President Obama sat down for an interview Tuesday with Fusion anchor Jorge Ramos, and when the topic turned to immigration things got tense.
Ramos asked Obama, "as you were saying, you already had the legal authority to stop deportations, then why did you deport two million people?"
"For six years you did it," he continued. "You destroyed many families. They called you deporter-in-chief."
Obama was not pleased with the question, and the two spent the next several seconds cutting each other off.
"You called me deporter-in-chief," Obama said, prompting Ramos to retort that it was actually Janet Murguia of the National Council of La Raza, an activist group, who used the phrase.
"But you could have stopped deportations, that's the whole idea," Ramos said.
"That is not true," Obama replied. "Listen, here's the fact of the matter."
"You could have stopped them," Ramos said.
"Jorge, here's the fact of the matter," Obama said. "As president of the United States I'm always responsible for problems that aren't solved right away." Obama then explained he regrets that millions of people were unable to obtain health insurance until the Affordable Care Act was passed and implemented.
"And those like you sometimes, Jorge, who suggests that there are simple quick answers to these problems, I think," Obama said before being cut off.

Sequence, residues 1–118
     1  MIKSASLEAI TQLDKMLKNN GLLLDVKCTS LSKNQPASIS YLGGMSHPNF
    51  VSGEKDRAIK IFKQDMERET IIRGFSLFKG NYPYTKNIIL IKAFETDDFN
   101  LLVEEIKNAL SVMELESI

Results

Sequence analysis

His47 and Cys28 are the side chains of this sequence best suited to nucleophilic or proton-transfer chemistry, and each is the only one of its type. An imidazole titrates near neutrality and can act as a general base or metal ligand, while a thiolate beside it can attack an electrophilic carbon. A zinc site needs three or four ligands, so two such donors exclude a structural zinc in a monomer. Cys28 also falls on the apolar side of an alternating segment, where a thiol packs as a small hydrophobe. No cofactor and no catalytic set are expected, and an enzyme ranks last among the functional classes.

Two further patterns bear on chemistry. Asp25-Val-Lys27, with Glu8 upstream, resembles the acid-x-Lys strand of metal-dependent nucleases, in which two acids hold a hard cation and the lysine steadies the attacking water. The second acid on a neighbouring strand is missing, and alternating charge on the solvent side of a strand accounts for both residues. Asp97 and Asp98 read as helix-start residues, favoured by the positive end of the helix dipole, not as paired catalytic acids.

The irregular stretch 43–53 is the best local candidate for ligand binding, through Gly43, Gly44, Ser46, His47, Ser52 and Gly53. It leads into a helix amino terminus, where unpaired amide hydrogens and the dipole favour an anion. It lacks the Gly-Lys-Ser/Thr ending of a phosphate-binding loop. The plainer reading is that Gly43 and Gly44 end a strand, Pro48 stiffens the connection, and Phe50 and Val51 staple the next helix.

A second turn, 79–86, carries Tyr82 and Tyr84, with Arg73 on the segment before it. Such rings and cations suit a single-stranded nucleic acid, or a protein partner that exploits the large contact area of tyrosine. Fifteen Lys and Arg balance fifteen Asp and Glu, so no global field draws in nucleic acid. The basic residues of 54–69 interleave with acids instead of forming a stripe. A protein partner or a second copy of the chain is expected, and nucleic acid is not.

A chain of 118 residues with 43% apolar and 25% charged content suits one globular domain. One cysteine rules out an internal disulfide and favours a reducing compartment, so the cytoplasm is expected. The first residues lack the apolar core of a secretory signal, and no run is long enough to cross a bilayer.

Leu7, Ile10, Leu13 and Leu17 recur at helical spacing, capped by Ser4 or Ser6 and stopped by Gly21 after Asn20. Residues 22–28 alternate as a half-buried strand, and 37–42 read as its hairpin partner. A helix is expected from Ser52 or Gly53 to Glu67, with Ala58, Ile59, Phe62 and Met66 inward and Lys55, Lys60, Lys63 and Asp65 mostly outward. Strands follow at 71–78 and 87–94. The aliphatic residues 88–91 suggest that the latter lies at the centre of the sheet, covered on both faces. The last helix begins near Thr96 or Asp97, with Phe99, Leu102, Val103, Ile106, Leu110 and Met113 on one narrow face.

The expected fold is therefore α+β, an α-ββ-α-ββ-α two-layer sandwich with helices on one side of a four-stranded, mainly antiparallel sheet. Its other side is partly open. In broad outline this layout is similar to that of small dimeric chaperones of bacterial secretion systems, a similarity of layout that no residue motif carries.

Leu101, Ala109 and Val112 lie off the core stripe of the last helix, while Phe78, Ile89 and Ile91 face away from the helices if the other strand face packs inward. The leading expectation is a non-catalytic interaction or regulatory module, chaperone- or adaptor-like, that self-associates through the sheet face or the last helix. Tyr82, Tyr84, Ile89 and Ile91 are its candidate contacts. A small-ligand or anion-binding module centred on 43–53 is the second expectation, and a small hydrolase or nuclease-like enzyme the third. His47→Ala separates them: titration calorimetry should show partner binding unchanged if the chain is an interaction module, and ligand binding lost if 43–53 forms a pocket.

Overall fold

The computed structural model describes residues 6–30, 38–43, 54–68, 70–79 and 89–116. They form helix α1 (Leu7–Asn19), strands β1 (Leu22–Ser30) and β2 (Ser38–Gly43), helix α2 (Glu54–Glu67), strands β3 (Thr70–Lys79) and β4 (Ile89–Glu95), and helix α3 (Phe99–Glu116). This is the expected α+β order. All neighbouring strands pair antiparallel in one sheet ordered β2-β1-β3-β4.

"I never said that though," Ramos replied.
"Yes you do," Obama shot back, "because that's how you present it, and I think when you present it..."
"But you had the authority," Ramos said.
"When you present it that way, it does a disservice," Obama said. "Because it makes the assumption that the political process is one that can easily be moved around, depending on the will of one person and that's not how things work."
The portion of the interview can be seen here:
Ramos also asked Obama about a scathing Senate report released Tuesday on CIA interrogations.
"In an interview you said that 'America doesn't torture,' however the Senate report clearly confirms that we did torture many detainees after 9/11," Ramos said.
"First of all, I didn't say 'we didn't torture,'" Obama replied. A clip of Obama from a previous 60 Minutes interview then played, showing the president say "I've said repeatedly America doesn't torture and I'm going to make sure that we don't torture."
"You said 'America doesn't torture,'" Ramos responded.
Obama then clarified he meant America wouldn't torture detainees "after I issued that edict" banning enhanced interrogation techniques.
Obama said the U.S. "engaged in some brutal activity," and admitted that "we did some things that violated who we are as a people."
The full video is below:
Jim Dalrymple is a reporter for BuzzFeed News and is based in Los Angeles.
Contact Jim Dalrymple II at email@example.com.
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